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After months of reticence in saying exactly what his Brexit policy is, we’re still pretty much in the dark on what Jeremy Corbyn’s position actually is.
But the Labour leader seems to be becoming more comfortable on the issue, with his own Shadow Northern Ireland secretary Owen Smith describing his position as “evolving and deepening”.
Mr Smith’s comment on ITV1’s Good Morning Britain came as he was asked if his desire to remain in the single market and a customs union put him at odds with the party leader, to which he replied: “No, I think Jeremy’s position is evolving and deepening.”
Mr Corbyn has faced accusations of ambiguity when it comes to his position on Brexit, but it appears the Opposition leader may be becoming more comfortable with the issue.
What do we know about Jeremy Corbyn’s position on Brexit?
Mr Corbyn has been reticent in outlining a firm policy for Brexit.
The opposition leader has found himself at odds with some pro-EU MPs and has appeared more recently to potentially be shifting his stance on some issues.
Mr Corbyn previously insisted that the UK cannot be a member of the single market after Brexit, despite calls from some Labour figures to listen to Labour’s pro-EU members and commit to staying in it.
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However, Mr Corbyn recently told a business audience that the UK would have to have “a customs union” with the remaining EU, though that wouldn’t necessarily mean being a member of the current customs union.
The Labour leader’s latest appearance at Prime Minister’s Questions indicated to many that he appeared more comfortable and open about Brexit, appearing to suggest that he will endorse staying in the customs union.
Very telling that Corbyn now seems comfortable on Brexit. From this line of questioning trajectory of Labour is clear: will endorse staying in the customs union. Probably total alignment of regulations too. #PMQs
— Lewis Goodall (@lewis_goodall) February 21, 2018
So what is Labour’s official position on Brexit?
Labour’s official position is that it will seek to retain the benefits for Britain of the single market and customs union, but it is not committed to membership following the end of the two-year transition period expected to end in 2021.
What about freedom of movement?
As part of his election promises in 2017, Mr Corbyn declared that free movement of people would end after Britain leaves the European Union.
There had been confusion over the issue after Mr Corbyn previously appeared to back free movement just hours before a speech where he was due to say the Labour party wasn’t “wedded” to the principle.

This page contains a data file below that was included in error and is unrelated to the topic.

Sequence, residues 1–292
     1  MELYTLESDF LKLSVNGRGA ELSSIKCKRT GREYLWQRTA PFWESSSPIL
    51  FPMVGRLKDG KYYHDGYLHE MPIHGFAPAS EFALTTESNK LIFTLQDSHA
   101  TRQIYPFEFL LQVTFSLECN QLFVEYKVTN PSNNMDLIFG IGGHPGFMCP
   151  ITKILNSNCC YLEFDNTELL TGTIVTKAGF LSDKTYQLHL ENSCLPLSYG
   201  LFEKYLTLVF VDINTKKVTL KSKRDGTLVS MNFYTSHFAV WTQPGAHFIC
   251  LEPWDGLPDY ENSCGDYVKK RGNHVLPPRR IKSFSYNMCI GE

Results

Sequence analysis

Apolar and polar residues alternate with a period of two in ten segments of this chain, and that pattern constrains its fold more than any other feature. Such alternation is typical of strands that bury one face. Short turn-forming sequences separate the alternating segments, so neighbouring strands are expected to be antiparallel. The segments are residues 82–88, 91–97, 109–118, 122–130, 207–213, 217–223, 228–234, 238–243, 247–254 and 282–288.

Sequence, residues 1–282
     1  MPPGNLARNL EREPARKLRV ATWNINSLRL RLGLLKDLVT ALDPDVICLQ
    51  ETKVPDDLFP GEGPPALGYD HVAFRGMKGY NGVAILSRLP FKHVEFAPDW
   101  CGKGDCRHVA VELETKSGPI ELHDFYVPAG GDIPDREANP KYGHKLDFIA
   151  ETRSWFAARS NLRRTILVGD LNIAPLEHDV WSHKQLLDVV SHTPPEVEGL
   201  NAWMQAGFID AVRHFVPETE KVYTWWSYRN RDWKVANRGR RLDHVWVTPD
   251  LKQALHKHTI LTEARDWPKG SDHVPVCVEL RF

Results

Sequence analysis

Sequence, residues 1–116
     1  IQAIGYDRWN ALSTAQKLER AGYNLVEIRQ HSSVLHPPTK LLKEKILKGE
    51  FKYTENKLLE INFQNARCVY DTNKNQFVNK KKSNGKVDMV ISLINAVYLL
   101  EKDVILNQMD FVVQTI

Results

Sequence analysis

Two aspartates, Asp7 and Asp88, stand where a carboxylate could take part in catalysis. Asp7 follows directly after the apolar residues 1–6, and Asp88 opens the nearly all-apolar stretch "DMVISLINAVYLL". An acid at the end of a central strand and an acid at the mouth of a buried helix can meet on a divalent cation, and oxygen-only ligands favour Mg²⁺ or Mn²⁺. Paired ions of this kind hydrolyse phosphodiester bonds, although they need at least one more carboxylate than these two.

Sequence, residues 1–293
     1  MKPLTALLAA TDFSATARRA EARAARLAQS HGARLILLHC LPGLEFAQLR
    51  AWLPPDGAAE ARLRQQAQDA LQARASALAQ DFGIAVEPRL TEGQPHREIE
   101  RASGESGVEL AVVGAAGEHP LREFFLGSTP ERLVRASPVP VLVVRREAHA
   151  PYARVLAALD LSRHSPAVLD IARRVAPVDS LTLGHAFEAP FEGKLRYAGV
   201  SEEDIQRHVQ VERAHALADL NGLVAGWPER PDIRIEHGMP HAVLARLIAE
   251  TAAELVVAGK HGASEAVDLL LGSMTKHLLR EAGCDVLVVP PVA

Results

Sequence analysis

He later vowed that a Labour government would implement a “managed” and “fair” migration system but refused to be drawn on specific figures.
What else has Mr Corbyn said about Brexit?
While some have criticised him for his lack of specifics, Mr Corbyn himself urged the Cabinet to “stop fighting” and spell out what it wants from Brexit.
His calls came after Brexit Secretary David Davis dismissed suggestions Britain was heading for a “Max Mad-style” dystopia after leaving the European Union and committed to maintaining high regulatory standards.
Mr Corbyn said: “We are leaving the EU, but our businesses must not be forced to withdraw from European markets.
“Business needs clarity and with four out of six of the Government’s “Road to Brexit” speeches already delivered, it seems to me their approach to Brexit is, if anything, less clear.
“It’s time for the Cabinet to stop fighting and the Government to say where it wants to take the country.”
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During PMQs, Mr Corbyn accused the Government of being on the “road to nowhere” as he challenged Theresa May to reveal her Brexit strategy.
He said: “We’re halfway through the six speeches we were told would set out the Government’s negotiating position.
“So far, all we’ve had is waffle and empty rhetoric. Businesses need to know, people want to know, even her backbenchers are demanding to know – but it isn’t clear from today’s exchanges.
“This Government isn’t on the road to Brexit, Mr Speaker, it’s on the road to nowhere.”
What do people say about his refusal to be specific?
Former Labour shadow chancellor Chris Leslie called on Mr Corbyn to stop taking “a path of deliberate ambiguity”.
Writing in the London Evening Standard, he said: “A sheepish silence in the hope that Brexit will just pass us by will not work any longer.”
His comments came as part of calls on Mr Corbyn to whip the 262 Labour MPs on a vote to keep Britain in the EU customs union, saying it would be “unforgivable” to do nothing.
“Taking a path of deliberate ambiguity in the hope we won’t offend anyone is not the principled stance that the vast majority of Labour’s membership expect from this leadership team,” Mr Leslie wrote.
“This is the defining issue of our times and it is not going to go away. We have a responsibility to prevent the austerity that will hit the poorest hardest.”